The new mayor’s task force looking at health care released their findings and suggestions yesterday, reports the San Francisco Chronicle. According to the story, the recommendations identify the still shocking gaps in health that divide races and social classes.
The recommendations will be criticized for being impractical and expensive. And some do sound bad. The idea of a mobile health clinic should be dumped immediately. An RN in an RV will have about as much effect on the health of poor people as mobile libraries have had on literacy. If a new city health czar wants to bring the medicine to Mohammed, they should consider putting a Berkeley Bowl on wheels. I know that there already are some city farm pushcarts making irregular routes through poor Oakland districts, but there is only so much appetite for kale, turnips, and eggs in any neighborhood. Let’s get some frozen pesto pizza on an organic crust and some garlic pita chips out on Peralta and 14th Streets.
If the mayor pays especially close attention to any of the recommendations listed in the Chronicle story, I hope it’s the idea of putting more health care in schools. I’ve heard good things about the clinic at Youth Uprising, which serves the students attending the schools formerly known as Castlemont, and its sister clinic at one of the McClymonds spin-offs. It would be interesting to see if there is any research looking at how those clinics have improved the academic performance of students. After all, education is the real secret to longevity and health. This from a January article in the New York Times: “The one social factor that researchers agree is consistently linked to longer lives in every country where it has been studied is education. It is more important than race; it obliterates any effects of income.“
Posted by novometro on March 13, 2007
The Los Angeles Times has a story about a 52-year-old woman who runs a shamanistic center in South Central. Born in New Orleans to a sugar cane farmer and a housewife, Sri Natha Devi (nee Claretta Cayette) moved to LA in 1973. It makes me think that there are not enough alternatives to Protestant, Catholic, and Muslim worship in Oakland’s poorest neighborhoods. It also reminded me of what Danjuma, a New Orleans-born Oakland writer, told me about his native city. Of all the North American centers of the African Diaspora, black New Orleans maintains the closest ties to African religions.
Meantime the Chronicle has an article about a voluntary RFID tag program at the Port of Oakland that underscores the spotty nature of port security.
Posted by novometro on March 9, 2007
The New York Times has a front page story Friday about a bewildering nationwide violent crime spike in certain cities. It’s a timely story for Oakland readers, who are now witnessing the Oakland Police Department reorder itself in response to a rise in violent crime in 2006. The New York Times story, which mentions Richmond, but not Oakland, suggests that Oakland’s increase in violent crime is due to a more complex set of factors than a story this week in the East Bay Express would lead readers to believe. That article’s chief aim was to describe the police chief’s painful political contortions in the face of a new administration in City Hall. The most interesting story here may be that the new mayor’s embrace of Chief Tucker is not as tight as it first looked. The fact that violent crime in Oakland is down almost one-fifth of the way through 2007 has not been reported.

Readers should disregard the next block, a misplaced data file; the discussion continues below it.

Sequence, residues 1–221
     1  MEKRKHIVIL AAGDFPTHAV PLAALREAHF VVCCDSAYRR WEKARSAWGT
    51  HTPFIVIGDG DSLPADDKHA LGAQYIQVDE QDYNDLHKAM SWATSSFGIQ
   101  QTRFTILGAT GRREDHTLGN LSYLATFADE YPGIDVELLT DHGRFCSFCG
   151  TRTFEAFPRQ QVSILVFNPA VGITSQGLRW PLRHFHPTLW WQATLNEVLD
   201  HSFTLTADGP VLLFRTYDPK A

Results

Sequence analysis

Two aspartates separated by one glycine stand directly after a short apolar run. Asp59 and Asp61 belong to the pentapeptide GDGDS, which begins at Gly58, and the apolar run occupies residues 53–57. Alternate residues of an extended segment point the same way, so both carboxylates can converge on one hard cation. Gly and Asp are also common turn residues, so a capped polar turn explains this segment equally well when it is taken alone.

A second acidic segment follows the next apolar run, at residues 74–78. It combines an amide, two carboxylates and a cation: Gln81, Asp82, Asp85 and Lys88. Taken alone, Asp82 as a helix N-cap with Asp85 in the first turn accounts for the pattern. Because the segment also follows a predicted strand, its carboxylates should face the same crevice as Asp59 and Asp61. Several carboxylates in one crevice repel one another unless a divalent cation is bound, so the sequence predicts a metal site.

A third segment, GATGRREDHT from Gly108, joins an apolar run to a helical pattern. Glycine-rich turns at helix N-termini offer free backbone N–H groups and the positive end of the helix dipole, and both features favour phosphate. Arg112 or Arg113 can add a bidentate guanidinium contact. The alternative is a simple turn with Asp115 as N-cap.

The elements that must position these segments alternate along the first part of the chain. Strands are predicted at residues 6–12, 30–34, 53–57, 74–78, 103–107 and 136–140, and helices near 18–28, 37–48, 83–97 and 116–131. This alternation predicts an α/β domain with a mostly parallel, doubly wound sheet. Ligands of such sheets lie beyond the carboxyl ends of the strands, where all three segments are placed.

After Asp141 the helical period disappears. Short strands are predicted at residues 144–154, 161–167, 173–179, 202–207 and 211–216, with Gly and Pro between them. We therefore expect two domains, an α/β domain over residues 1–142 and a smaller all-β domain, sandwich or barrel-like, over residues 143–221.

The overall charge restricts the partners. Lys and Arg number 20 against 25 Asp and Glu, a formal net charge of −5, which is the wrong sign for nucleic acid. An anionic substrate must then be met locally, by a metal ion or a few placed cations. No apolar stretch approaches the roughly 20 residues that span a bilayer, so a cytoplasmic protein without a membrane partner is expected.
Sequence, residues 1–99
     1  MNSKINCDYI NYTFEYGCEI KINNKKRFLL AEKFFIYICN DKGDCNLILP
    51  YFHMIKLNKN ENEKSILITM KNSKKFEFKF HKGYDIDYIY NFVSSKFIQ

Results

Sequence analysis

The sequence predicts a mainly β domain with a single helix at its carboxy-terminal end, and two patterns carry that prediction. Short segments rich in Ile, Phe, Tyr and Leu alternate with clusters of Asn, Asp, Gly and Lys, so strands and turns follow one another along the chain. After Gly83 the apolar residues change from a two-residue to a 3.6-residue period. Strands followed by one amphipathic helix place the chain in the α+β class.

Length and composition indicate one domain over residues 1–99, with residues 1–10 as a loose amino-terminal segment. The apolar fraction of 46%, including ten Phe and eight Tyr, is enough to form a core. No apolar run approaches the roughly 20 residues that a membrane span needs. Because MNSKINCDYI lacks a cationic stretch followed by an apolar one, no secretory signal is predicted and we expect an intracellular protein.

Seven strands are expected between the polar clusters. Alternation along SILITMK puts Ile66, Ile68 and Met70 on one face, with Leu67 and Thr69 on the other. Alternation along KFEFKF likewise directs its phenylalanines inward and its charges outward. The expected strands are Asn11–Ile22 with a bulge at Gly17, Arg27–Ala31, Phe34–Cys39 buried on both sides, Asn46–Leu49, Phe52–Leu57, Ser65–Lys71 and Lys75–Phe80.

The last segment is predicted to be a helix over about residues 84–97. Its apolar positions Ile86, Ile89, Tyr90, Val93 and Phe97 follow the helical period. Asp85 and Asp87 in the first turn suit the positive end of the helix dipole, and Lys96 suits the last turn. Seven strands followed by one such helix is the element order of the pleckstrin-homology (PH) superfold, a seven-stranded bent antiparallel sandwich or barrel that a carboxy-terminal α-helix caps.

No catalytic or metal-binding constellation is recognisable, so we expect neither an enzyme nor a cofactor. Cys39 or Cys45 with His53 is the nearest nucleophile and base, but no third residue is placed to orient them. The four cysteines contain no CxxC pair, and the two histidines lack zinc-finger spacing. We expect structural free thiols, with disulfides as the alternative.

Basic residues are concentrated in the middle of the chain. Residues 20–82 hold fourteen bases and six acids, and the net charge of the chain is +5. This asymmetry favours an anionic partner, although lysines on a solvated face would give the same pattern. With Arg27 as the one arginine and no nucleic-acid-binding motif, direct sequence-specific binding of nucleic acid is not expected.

Posted by novometro on March 8, 2007
The Oakland Police Department and the Mayor announced a stop-gap measure toward community policing Wednesday that would put 50 more patrol officers on the street.
The Bay Area World Trade Center is sending Mayor Dellums, his wife, and a handful of other locals with urgent business in China on a junket to Shanghai and Dalian (Oakland’s sister city).
Posted by novometro on March 7, 2007
The Port of Oakland reported record traffic in 2006 Tuesday without a lot of fanfare. Ports in California have reason to be wary of too much attention. The state’s ports would no doubt like to tackle issues like pollution and congestion in their own way, and on their own timetable. But a couple of bills introduced in the Legislature this year seek to change the way the ports do business. One bill would establish “port community advisory committees.” A second bill would tack a $30 user fee on each container moving through the state’s three major ports. In Oakland last year, that would have raised $36 million for programs that eased pollution and traffic congestion caused by the port. Expect a fight, and more events like this.